An Interview with Mick Fitzgerald

Hey guys!

Happy New Year! I hope everyone had a lovely Christmas and New Year and we’re all back to make 2021 a good one. I am super excited to bring you my first post of 2021 which is an interview with ex jockey, now TV pundit, Mick Fitzgerald. Mick took time out of his morning Tuesday to speak to me all things racing, so I hope you all enjoy!


Me: What was your favourite race of your career, win or lose?

Mick: Favourite race of my career I think to win was the Gold Cup, it was the one race I wanted to win more than any other. I was 15 when Dawn Run won in 1986 and you know, it was one of those moments that you never forget. I always wondered what it would feel like to win the Gold Cup and to walk into that winners enclosure and thankfully I was able to win that.

Me: If you could ride any horse that is currently in training, what horse would you choose and why?

Mick: I think I would choose Shishkin, because those good horses, especially ones like him, they’ve got very high cruising speed. He’s a bit of a natural athlete in that he’s got a lot of scope jumping and he’s just, he’s already proven on a big stage, winning the Supreme at the Festival. Erm, but he looks like he’s a shining star.

Me: What are your opinions surrounding the discussions of banning the whip?

Mick: I disagree with it, I think that we need something that… People have to understand that when you’re in control of an animal that size, you sometimes need something that will give you the upper hand. I think when you carry a whip it is mainly for correction purposes. If you’ve got a horse that is being unruly or it’s a danger to other people and other horses, you need to be able to give it a slap down the shoulder to basically correct it to stop it misbehaving really.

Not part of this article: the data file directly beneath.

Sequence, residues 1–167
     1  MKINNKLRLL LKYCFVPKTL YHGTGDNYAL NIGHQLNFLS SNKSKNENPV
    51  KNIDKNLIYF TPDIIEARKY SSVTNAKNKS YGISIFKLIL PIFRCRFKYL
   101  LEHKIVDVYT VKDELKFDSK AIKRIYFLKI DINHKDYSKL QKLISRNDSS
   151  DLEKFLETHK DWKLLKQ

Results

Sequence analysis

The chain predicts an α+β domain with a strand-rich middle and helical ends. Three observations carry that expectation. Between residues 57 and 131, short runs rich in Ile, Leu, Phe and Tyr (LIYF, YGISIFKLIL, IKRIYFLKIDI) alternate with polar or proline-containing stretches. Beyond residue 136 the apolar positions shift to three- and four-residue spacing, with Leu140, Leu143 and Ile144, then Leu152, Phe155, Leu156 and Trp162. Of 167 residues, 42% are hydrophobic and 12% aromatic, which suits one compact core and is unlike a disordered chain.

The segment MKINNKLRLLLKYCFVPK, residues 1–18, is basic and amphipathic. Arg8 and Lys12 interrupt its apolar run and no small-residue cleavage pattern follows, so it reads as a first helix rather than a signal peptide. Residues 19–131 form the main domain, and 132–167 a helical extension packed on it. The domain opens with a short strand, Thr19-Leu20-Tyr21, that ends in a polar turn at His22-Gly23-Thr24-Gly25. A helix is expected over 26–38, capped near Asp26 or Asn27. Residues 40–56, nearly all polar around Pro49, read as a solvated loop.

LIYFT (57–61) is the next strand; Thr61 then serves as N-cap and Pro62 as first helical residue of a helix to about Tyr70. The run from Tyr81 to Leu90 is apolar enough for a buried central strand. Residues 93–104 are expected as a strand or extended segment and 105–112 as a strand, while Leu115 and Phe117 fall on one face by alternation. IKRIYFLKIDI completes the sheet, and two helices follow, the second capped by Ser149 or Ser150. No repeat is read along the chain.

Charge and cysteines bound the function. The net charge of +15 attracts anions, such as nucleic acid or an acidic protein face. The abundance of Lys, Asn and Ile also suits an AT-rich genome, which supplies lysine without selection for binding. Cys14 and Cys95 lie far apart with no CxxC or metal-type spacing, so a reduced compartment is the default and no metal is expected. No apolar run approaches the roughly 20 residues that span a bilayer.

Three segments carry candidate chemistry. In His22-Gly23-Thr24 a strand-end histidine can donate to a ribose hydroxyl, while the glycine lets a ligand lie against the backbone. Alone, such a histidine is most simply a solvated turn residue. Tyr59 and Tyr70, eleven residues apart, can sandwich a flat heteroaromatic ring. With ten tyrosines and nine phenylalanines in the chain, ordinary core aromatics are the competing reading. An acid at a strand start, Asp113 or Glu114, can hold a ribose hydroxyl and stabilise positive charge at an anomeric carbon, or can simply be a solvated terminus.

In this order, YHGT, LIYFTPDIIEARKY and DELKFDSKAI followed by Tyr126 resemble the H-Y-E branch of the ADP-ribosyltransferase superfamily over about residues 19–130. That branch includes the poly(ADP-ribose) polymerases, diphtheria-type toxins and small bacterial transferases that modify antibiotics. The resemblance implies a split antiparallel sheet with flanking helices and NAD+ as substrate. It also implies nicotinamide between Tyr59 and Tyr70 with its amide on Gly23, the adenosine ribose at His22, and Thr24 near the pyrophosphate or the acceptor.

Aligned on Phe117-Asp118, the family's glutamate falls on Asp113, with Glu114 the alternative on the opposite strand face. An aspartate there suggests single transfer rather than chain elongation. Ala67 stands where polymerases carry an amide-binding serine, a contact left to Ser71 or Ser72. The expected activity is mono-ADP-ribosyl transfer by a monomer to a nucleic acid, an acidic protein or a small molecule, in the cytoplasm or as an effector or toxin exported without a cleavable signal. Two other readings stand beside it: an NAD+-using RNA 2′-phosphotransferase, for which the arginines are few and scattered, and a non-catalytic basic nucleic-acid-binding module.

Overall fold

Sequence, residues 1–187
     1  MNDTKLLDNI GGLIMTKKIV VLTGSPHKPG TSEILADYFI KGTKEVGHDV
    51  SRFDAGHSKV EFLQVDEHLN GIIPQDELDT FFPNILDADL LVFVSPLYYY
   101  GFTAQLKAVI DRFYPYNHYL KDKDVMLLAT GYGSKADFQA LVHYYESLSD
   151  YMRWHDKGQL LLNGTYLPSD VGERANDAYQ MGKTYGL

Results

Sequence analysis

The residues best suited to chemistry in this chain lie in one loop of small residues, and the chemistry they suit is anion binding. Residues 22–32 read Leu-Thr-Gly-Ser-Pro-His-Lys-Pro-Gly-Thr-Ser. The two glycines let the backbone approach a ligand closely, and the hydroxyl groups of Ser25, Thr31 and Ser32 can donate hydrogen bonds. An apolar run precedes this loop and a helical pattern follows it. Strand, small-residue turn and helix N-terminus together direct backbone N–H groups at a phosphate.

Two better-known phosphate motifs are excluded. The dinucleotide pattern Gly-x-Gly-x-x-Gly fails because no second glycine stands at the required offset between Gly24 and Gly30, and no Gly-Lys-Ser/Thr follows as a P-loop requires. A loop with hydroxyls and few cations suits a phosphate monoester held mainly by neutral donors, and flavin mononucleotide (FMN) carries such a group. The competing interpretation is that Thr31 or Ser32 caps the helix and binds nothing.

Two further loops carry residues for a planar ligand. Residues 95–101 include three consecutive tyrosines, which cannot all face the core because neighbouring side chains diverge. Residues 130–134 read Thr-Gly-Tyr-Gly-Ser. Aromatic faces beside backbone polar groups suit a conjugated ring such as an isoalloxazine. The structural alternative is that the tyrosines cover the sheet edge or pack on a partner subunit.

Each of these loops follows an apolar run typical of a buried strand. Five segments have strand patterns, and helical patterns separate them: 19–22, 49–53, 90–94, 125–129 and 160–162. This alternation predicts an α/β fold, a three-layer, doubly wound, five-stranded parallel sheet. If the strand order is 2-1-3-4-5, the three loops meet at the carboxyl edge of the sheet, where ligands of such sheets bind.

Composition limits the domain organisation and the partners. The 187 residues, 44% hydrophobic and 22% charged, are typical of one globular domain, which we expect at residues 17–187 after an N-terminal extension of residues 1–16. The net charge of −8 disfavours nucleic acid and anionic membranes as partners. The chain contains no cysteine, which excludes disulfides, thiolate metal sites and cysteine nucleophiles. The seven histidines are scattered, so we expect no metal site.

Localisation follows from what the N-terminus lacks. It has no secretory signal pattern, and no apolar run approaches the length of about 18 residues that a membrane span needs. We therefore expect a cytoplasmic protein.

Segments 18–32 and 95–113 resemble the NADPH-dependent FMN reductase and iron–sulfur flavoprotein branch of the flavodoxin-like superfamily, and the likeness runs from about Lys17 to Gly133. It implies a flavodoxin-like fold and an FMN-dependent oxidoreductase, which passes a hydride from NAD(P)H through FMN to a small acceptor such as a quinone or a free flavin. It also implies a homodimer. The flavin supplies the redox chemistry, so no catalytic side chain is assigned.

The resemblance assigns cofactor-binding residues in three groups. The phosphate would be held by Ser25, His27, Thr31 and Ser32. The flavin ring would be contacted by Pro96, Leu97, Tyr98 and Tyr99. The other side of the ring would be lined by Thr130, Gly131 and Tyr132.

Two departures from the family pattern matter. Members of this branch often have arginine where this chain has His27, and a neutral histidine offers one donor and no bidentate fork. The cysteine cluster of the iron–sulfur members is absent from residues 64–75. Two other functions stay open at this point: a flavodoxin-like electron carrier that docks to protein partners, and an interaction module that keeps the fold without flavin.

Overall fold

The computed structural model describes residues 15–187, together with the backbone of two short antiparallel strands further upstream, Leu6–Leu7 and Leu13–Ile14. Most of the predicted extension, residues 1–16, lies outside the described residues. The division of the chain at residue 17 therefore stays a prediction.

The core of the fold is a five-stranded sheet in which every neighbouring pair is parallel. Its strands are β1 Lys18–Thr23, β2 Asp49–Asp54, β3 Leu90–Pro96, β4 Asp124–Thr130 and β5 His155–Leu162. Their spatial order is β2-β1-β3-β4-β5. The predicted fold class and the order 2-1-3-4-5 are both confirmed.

Me: You obviously work for some of the biggest broadcasters in racing, some jockey’s never go down that route, why do you think you went into that? What do you enjoy about it?

Mick: Erm, why did I, I think in the past maybe, some jockey’s didn’t feel like it was an avenue they wanted to go down. I have always found working on TV enjoyable and I think as a pundit, having been there and done it, you know, I have an opinion that is valid in a sense that I know how it feels like to get it wrong and I know how it feels like to get it right. And I know, I’d like think with my coaching background now, I can kind of pin point areas where some jockey’s need to be better and areas where jockey’s excel. I enjoy it as a job, well it’s not really a job. I get to go racing at a time now, especially at the moment, when it’s a horrible time for a lot of people. If you’re an owner of a race horse you’re not allowed to go and watch your horse run, whereas I feel very privileged that I am able to work in a sport that I love and be able to convey that to the people who are watching.

And how do I feel? As you say, I have been very lucky. Ed Chamberlin – our lead presenter on ITV – is a great man to work with. He’s very… He’s not… It’ not all about him. He very much wants to get the best out of his co-presenters, whether it is Francesca (Cumani), whether it’s me, whether it’s AP McCoy, Ruby Walsh or Luke Harvey. He wants to get the best out of us, that’s what he feels his job is. Erm, and obviously when I worked for Channel 4 and BBC, I worked with Clare Balding, who was one of the best I have ever worked with. She is very professional and brilliant at her job and she has a great way of being able to talk to the person sat at home as if they were sat down beside her. She had… a super way. Nick Luck, obviously he is very professional and so natural. He is a very good communicator and he’s a really good operator. And then when I did work in radio, people like Mark Pougatch and John Inverdale, they are titans of their profession. Really really good presenters who are exceptional at what they do. Eleanor Oldroyd is another one I worked with on Five Live. She is a brilliant presenter, again, she has got a great… I think the key to good presenting is making the person sat at home, whether they’re listening to you or watching you, feel like they are the only person in the room and you are talking directly to them. That is what all of those people I have mentioned have done and still do brilliantly.

Me: You touched there on being a jockey coach as well, are there any upcoming jockey’s that you’re looking forward to that could potentially come close to AP McCoy’s record?